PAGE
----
HuBMAP supports the development and application of high-content, high-throughput, cost-effective assays that generate high quality quantitative data for characterizing cells and the extracellular structures at high resolution. The focus of the program is on in-situ analysis of the biomolecular composition and morphology of tissue, using unbiased, qualitative assays that can be readily multiplexed with other assays and used for analyzing multiple human tissues. Technologies that only assay a small number of biomolecules, have low sensitivity or specificity, are not generally applicable to all tissues or require significant optimization for each tissue, do not provide a reproducible quantitative readout, are not capable of high throughput analysis, do not preserve information about spatial organization and have high resolution, do not identify specific biomolecules, or are not cost-effective will be considered as low priority. Tools and technologies which require significant pre-processing of the tissue that results in significant biomolecular degradation, or that work with dissociated or fragmented cells and do not accurately recover spatial organization with high resolution will also be considered a low priority.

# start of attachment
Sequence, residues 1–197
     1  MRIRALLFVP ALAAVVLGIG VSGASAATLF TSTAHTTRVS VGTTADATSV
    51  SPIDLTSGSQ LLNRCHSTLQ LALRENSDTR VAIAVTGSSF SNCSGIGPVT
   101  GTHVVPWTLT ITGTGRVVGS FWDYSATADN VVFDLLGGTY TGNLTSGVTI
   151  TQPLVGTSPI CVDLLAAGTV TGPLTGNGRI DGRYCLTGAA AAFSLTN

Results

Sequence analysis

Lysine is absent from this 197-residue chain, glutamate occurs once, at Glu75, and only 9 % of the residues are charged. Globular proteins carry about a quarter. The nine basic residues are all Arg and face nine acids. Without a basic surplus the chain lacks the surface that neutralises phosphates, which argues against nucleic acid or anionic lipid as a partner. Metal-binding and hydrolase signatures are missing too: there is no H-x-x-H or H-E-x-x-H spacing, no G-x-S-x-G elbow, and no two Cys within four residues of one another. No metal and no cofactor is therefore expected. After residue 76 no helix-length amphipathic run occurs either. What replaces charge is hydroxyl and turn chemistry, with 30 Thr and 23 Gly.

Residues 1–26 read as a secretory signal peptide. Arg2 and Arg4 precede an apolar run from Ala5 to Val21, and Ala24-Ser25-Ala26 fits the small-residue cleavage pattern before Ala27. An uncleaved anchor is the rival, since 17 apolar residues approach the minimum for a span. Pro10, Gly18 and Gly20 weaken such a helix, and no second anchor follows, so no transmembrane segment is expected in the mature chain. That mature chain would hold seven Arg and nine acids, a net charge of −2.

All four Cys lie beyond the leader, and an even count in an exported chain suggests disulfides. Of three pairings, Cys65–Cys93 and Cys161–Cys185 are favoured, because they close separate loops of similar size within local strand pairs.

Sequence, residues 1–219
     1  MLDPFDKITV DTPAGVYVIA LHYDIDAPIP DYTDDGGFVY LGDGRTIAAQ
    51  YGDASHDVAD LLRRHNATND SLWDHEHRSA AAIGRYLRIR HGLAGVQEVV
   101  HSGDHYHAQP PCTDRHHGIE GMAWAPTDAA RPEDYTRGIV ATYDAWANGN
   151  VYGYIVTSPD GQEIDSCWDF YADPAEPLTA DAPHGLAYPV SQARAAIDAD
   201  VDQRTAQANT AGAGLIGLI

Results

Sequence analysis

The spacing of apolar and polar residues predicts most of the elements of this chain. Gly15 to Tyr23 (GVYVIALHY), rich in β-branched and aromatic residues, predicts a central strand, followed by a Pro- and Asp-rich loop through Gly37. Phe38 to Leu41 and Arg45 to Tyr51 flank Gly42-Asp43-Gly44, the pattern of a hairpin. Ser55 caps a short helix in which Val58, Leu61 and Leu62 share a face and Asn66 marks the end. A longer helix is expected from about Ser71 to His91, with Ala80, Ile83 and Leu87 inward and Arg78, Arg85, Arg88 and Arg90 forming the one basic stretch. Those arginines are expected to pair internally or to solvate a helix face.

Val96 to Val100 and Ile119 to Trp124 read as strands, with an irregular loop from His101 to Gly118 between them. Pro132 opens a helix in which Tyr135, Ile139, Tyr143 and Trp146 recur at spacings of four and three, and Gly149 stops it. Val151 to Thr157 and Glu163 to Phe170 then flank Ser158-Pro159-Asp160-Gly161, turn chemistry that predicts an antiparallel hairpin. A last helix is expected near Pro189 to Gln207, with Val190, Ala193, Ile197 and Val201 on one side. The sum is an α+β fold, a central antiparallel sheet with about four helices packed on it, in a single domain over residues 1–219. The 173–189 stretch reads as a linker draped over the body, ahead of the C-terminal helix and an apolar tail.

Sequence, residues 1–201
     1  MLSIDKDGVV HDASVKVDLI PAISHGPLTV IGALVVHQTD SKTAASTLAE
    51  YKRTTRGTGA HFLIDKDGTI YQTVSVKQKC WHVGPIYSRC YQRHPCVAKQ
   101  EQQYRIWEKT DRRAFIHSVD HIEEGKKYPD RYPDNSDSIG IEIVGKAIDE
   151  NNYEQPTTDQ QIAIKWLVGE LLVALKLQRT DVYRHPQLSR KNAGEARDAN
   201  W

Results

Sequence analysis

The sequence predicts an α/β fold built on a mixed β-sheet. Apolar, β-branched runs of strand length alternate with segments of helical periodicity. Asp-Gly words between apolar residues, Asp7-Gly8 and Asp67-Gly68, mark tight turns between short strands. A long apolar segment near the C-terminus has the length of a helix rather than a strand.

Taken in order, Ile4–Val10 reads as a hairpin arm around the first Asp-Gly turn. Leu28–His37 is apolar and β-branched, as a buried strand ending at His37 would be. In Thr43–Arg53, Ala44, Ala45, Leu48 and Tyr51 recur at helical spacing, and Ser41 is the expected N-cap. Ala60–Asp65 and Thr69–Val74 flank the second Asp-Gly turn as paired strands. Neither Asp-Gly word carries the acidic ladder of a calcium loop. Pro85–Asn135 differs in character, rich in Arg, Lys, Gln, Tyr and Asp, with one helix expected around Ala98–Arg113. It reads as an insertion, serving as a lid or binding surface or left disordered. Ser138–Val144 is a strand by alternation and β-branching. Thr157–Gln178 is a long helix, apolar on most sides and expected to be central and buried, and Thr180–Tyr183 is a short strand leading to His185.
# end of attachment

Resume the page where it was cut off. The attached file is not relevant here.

Although the focus is on technologies that provide quantitative readout of the spatial organization of specific biomolecules, such as proteins, RNA, DNA and metabolites, projects can propose generating data from technologies that will enhance scientific understanding, including from but not limited to MRI, micro-CT, photoacoustic imaging, Raman spectroscopy, histology, and mechanical imaging.